The House voted Wednesday afternoon to restrict the use of funds in a 2014 defense spending bill on Syria and Egypt.
Approval of the two amendments came after House Republicans initially resisted the idea of considering any language on Syria and Egypt. GOP leaders feared amendments on these issues could make the spending bill controversial, and thus delay its enactment.
On Syria, the House approved language from Rep. Trey Radel (R-Fla.) that would prohibit the use of funds for military action in Syria when that action would be inconsistent with the War Powers Resolution. That resolution is seen as a basis for seeking congressional permission for going to war.
"What we are saying is, Mr. President, if you want to go to war, come to us," Radel said.
But this language was seen by some as a mere restatement of current law, and thus it led to no opposition on the floor and a quick vote-vote approval.
Members had offered tougher language on Syria, to ensure the U.S. moves cautiously before taking a side in Syria's civil war. However, none of these proposals were made in order by House Republicans.
Rep. Tom Rooney (R-Fla.) noted this by saying he welcomed Radel's language, but that he would have preferred a vote on blocking efforts to arm rebels in Syria.
That was one of several amendments proposed on Syria that did not get a vote. Others included Republican proposals to prevent spending to fund military or paramilitary operations in Syria, and block funding to send military equipment and support to rebel groups.
A bipartisan proposal would have prevented the government from spending any money to deploy U.S. forces in Syria except to reduce a member of the Armed Forces. And a Democratic proposal would have prohibiting spending on anything in Iran and Syria unless specifically appropriated for that purpose.
Members also accepted language from Rep. Tom Massie (R-Ky.) that would prohibit funding for military or paramilitary operations in Egypt. Many members fear military action is a possibility in Egypt as the U.S. assesses what appears to be a military takeover against Muslim Brotherhood leader Mohamed Morsi.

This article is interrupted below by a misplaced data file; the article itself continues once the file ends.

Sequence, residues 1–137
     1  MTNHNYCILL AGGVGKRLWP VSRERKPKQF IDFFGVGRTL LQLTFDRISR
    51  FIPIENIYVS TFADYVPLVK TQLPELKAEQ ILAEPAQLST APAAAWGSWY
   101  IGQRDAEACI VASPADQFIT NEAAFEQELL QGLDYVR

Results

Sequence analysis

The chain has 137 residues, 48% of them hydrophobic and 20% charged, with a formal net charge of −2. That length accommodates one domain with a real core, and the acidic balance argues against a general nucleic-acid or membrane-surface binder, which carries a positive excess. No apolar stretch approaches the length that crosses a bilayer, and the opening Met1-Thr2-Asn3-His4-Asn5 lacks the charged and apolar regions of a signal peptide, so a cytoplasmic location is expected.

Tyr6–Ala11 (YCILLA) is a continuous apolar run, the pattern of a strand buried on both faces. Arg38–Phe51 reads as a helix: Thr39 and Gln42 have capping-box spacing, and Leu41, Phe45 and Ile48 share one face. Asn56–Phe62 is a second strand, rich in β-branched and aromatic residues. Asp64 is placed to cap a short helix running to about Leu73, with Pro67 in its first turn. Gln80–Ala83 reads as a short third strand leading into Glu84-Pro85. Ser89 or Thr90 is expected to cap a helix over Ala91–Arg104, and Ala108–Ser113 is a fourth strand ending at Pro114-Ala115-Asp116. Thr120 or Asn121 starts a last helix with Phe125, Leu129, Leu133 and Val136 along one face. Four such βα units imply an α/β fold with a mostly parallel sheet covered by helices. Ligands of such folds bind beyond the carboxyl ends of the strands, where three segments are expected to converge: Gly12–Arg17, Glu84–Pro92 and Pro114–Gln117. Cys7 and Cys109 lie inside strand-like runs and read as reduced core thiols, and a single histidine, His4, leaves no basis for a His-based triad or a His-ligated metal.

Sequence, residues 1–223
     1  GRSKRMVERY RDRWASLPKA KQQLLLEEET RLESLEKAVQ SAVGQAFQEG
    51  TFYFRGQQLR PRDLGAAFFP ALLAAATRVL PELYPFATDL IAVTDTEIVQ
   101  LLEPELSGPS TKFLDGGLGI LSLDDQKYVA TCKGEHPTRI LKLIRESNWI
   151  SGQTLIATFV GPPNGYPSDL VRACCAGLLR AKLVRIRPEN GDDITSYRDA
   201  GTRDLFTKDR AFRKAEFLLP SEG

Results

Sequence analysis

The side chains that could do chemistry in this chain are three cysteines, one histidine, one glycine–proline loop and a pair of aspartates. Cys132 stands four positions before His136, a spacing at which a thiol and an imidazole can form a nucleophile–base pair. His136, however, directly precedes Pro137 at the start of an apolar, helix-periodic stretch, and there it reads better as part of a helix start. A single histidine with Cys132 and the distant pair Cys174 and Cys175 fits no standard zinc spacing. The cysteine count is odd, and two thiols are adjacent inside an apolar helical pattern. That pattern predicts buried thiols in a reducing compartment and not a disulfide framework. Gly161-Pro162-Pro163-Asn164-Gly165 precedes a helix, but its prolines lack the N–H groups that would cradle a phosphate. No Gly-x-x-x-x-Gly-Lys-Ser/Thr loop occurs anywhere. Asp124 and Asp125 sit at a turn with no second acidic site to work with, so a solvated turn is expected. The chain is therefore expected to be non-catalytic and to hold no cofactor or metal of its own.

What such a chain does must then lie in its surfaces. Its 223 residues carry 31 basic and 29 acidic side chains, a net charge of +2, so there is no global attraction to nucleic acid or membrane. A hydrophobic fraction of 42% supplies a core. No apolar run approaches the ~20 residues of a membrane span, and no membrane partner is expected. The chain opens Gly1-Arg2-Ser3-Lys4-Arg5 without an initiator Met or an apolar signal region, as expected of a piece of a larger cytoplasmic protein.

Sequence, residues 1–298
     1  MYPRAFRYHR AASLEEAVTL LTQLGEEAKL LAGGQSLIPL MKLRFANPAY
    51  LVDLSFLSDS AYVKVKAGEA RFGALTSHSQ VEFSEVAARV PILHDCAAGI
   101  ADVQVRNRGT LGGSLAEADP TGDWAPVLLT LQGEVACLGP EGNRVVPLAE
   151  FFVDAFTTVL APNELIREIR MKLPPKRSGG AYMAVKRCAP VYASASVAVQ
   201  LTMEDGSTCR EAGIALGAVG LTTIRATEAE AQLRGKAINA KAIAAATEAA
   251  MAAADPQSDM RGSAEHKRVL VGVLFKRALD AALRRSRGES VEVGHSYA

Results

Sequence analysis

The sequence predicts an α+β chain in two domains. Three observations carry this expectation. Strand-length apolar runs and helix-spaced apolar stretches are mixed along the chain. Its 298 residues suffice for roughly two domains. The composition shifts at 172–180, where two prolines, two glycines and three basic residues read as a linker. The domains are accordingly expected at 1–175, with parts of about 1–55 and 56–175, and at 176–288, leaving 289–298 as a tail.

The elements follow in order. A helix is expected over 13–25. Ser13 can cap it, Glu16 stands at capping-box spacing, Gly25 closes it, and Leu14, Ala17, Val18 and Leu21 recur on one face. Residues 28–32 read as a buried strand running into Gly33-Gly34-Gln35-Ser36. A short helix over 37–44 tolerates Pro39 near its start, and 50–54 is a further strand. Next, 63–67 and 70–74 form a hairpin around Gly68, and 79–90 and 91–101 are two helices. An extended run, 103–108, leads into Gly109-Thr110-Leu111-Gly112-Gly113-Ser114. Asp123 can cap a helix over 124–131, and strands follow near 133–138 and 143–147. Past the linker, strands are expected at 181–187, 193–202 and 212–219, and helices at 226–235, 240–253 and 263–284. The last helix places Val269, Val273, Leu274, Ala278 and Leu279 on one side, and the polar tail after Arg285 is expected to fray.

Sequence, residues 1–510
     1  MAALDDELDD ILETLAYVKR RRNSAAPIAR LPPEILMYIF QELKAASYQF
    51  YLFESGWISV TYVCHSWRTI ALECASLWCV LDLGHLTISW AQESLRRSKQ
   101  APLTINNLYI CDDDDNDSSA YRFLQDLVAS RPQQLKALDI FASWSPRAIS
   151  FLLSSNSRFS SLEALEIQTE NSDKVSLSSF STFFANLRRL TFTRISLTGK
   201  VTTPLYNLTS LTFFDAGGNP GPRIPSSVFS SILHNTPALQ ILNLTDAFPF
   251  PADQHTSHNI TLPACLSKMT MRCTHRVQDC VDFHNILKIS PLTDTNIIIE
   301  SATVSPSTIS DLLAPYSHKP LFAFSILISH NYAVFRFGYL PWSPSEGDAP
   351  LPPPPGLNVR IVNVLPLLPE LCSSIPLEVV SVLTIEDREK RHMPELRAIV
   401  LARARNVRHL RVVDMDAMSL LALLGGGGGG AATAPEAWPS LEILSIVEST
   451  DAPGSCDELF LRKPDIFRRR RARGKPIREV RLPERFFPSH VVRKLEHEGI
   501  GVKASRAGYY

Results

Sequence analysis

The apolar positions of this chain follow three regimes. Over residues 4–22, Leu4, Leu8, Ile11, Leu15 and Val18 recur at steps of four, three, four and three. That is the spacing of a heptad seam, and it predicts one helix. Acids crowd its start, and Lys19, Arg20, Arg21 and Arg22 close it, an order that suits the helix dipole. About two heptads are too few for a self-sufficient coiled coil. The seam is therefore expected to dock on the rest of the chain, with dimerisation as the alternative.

This language drew some wary comments, including some from Rep. Kay Granger (R-Texas), who said the language could put in jeopardy the ability of the U.S. to work together to help keep the peace in Israel.
But even Granger said she would not oppose it, and Massie's language was also approved in a voice vote.
These quick votes came near the end of House consideration of the spending bill, H.R. 2397. Members still had to debate two amendments aimed at reining in the National Security Agency's spying on American citizens.
Other amendments disposed of by early Wednesday evening were from:
— Lee Terry (R-Neb.), increasing defense-wide operations to deal with the sequester by $1 billion, and reducing Afghanistan Security Forces funding by $2.6 billion. Accepted in voice vote.
— Derek Kilmer (D-Wash.), protecting civilian Defense Department security clearances due to furloughs caused by the sequester. Passed 277-142.
— Jerrold Nadler (D-N.Y.), preventing the further detention of Guantanamo Bay detainees that have already been cleared for release. Failed 176-242.
— Nadler, preventing further expansion of facilities in Guantanamo Bay, Cuba. Failed 187-237.
— Pedro Pierluisi (D-P.R.), allowing the Defense Department to remove unexploded ordinance in Puerto Rico. Withdrawn.
— Mo Brooks (R-Ala.), prohibiting funds from being used to implement any agreement with the Russian Federation on missile defense. Accepted in voice vote.
— Adam Schiff (D-Calif.), prohibiting the use of force under the Authorization for Use of Military Force after U.S. combat operations end in Afghanistan at the end of 2014. Failed 185-236.
— Jackie Speier (D-Calif.), providing funding to identify people separated from the military after reporting sexual assault and to correct their record when appropriate. Accepted in voice vote.
— Speier, providing $10 million in funds to increase training for investigators to property investigate sexual assault in the military. Accepted in voice vote.
— This story was updated at 5:49 p.m. to include the last roll call votes.